Ecosystem services are just one part of the value of natural resources. There is much spiritual value supported by natural resources - our cultures, knowledge systems, intellectual development have always been influenced by and shaped by natural systems. Changes in these systems, such as loss of culturally valued ecosystems, can cause social disruptions. You need only experience the majesty of a wide natural space to recall the important value of natural resources, however, also imagine if that natural space was important to your culture.
The ecosystem needs biodiversity to resist climate change
Natural resources also help maintain and encourage biodiversity, which ensures the resilience of ecosystems. When biodiversity declines, ecosystems experience greater fluctuations to outside changes, such as floods and droughts. If there is a wider variety of life, different species can thrive while others will be affected. Preserving natural areas, especially those that are rich in different types of species, helps to ensure the resiliency of life on our planet. Even if they provided no services to us, there is still value in preserving our natural resources.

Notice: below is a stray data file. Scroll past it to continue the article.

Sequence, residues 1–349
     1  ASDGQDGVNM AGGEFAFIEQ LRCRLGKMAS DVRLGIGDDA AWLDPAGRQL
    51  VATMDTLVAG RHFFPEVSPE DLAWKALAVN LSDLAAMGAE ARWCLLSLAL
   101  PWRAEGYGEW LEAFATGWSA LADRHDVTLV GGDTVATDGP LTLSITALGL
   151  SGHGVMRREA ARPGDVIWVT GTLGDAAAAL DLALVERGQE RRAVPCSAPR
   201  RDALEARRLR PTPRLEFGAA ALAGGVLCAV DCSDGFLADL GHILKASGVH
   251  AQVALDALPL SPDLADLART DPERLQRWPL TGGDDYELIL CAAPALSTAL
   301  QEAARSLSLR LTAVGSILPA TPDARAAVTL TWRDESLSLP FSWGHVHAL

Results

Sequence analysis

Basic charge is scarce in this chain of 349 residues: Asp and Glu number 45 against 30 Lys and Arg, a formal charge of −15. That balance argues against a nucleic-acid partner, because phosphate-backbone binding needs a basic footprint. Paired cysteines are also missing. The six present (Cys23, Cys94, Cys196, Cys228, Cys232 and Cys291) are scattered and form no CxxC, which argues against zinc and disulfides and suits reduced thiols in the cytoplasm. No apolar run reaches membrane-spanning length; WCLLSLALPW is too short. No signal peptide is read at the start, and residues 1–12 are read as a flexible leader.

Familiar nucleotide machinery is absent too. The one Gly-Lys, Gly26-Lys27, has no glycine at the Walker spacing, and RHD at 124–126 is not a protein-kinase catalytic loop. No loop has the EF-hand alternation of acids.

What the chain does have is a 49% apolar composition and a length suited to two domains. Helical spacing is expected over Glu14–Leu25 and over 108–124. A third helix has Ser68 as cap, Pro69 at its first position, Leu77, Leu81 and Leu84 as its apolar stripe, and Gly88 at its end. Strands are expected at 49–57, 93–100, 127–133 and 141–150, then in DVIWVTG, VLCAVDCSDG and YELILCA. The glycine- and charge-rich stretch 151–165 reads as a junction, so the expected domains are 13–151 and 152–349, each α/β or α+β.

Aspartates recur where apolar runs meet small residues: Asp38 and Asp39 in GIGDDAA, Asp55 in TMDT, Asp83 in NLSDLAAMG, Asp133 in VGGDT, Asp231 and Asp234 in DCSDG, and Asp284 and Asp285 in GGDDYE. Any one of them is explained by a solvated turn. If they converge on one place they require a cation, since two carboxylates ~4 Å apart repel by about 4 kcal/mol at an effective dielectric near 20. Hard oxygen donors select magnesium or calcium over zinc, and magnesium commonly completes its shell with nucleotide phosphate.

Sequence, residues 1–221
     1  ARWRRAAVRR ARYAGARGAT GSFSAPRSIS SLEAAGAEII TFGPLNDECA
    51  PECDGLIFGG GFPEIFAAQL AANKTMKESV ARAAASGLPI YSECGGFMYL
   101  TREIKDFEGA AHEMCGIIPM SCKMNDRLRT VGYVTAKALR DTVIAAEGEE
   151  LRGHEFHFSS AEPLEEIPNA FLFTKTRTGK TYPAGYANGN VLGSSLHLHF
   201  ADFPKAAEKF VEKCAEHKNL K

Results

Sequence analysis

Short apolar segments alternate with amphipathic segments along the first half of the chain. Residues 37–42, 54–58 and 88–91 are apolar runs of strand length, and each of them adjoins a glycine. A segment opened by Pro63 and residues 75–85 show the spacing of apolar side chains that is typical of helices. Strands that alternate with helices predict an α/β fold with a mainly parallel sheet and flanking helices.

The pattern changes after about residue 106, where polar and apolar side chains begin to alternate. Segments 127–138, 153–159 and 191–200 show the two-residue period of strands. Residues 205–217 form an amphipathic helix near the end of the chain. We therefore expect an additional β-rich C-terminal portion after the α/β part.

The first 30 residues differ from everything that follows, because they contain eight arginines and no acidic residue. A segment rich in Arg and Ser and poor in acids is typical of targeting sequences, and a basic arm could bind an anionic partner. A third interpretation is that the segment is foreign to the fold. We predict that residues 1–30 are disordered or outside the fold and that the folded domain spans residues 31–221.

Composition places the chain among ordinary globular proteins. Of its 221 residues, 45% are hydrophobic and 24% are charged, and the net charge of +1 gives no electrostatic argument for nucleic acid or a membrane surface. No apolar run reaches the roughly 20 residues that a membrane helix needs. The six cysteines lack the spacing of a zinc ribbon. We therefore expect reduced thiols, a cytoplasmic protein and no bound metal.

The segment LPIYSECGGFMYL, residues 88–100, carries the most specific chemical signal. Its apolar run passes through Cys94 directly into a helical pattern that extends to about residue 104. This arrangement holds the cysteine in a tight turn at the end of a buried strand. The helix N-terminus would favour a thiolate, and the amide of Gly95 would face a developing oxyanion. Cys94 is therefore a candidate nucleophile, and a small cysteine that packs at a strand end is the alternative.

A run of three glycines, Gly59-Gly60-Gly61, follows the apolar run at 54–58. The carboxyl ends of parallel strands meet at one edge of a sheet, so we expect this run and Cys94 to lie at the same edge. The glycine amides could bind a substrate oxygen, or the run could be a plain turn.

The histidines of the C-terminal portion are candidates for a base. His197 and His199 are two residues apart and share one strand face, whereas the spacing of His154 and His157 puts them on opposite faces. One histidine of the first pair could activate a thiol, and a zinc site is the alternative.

However, the capacity of our natural resources to provide for us is being diminished
It is becoming increasingly clear that we are reaching the limit in the amount of resources that we are able to use without damaging the ability of the earth to provide us with those valuable natural services. The United Nations Millennium Ecosystem Assessment in 2005 highlighted that virtually all of the earth's ecosystems have been transformed by human activity, particularly over the last 50 years. Approximately 60% (15 out of 24) of the ecosystem services evaluated in the assessment are being degraded or used unsustainably.